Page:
April 17, 2020: Posted by Mohamed Kahna
It is undoubtedly the most famous mask for beach holidays. The Easybreath, literally “respiration facile” in French, is normally used by those who love to go for a palm tree hike at sea. But for the past few weeks, this mask (marketed by Decathlon) has been used in several European hospitals. Here is a look back at the history of an object like no other.
It is the summer of 2007, in Hendaye, France. The season is in full swing on the Basque coast. The sun is shining and beach packed with bathers and swimmers too. The Tribord design centre, a brand of nautical equipment sold at Décathlon, is taking advantage of the occasion to launch a major study on beaches around the world.
The question they were asking was “Do you enjoy snorkeling?”
This is not scuba diving, but a surface water leisure activity also called PMT (palmes-masque-tuba) in French.
According to Erwann Loret, product manager at Tribord, the answer became clear: “Between 30 and 40 percent of those surveyed told us they could not snorkel because the snorkel was in the way or they had difficulty breathing,” he explains in a video published on the brand’s design center website.
A competition at a design school
Tribord felt that the market for snorkeling was booming. It wanted to innovate in order to take its competitors by storm. The brand then took the gamble of launching a competition with a design school, challenging designers to “invent a product with which you can breathe underwater as you do on land”.
As a result, the students proposed about 30 projects, with all of them have one thing in common: their masks cover the nose, eyes and mouth at the same time. The design centre at Tribord therefore started working on the idea. It took advantage of its “garage”, a large workshop where it was possible to tinker and test the first purely functional pre-prototypes.
The first mask made in the “garage”
“This allows you to test an idea or concept very quickly and imperfectly to see if it works or can work. Before, we simply didn’t know how to do that” said Stéphane Saigre, director of Tribord at the business magazine La Tribune. And so it was here that the Easybreath mask was born out of a rather basic DIY project.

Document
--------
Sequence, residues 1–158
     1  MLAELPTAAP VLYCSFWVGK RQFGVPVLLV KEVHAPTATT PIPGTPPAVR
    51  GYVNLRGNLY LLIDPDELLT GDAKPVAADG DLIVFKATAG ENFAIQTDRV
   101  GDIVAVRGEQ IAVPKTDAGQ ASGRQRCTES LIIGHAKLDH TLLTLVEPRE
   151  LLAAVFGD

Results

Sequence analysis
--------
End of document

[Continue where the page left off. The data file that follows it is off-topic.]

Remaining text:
“There was a real challenge to be taken up on the waterproofness of the mask, especially on the skirt“, explains the product manager on the brand’s website. Then came the product design phase. “From a “monster” to something that people would want to wear on the beach,” continues Erwann Loret. In other words, making the prototype attractive.
The Easybreath patent filed in 2016
To do this, Décathlon has relied on another partner, Oxylane Research, which specializes in sports engineering. A stage that nevertheless required three years of work for the company.
We always wanted this mask to be very transparent” explains Cédric Caprice, designer at Tribord, on the website. “In the beginning, all the solutions we found hid the mouth and nose. It was our subcontractor who found the solution.”
It was finally only in 2016 that the patent of the famous Easybreath snorkeling mask was registered. Its commercialization started in 2017 but it was in 2020 that this equipment for beach holidaymakers experienced an unexpected boom, due to the global coronavirus pandemic.
Italian start-up makes respirators out of masks
Italy now has more coronavirus deaths than China. And most European countries have overcrowded hospitals.
In northern Italy, the situation is particularly alarming. In particular, there is a shortage of ventilators to treat the sick.
It was then that a doctor had the idea of adapting the famous Decathlon masks into respirators. An Italian start-up worked on the project and a few days later, the first patients were equipped with this hybrid mask. The innovation was then patented by the Italian company, but left free to use.
On March 30, everything sped up. Decathlon made the decision to withdraw its masks from sale and make the 30,000 snorkeling equipment available to doctors to help them fight the Covid-19.
This mask, which was a small revolution in the world of aquatic leisure, is becoming a key piece of equipment in the fight against the Covid-19 pandemic and truly enough to put the object, one day, in the history books.
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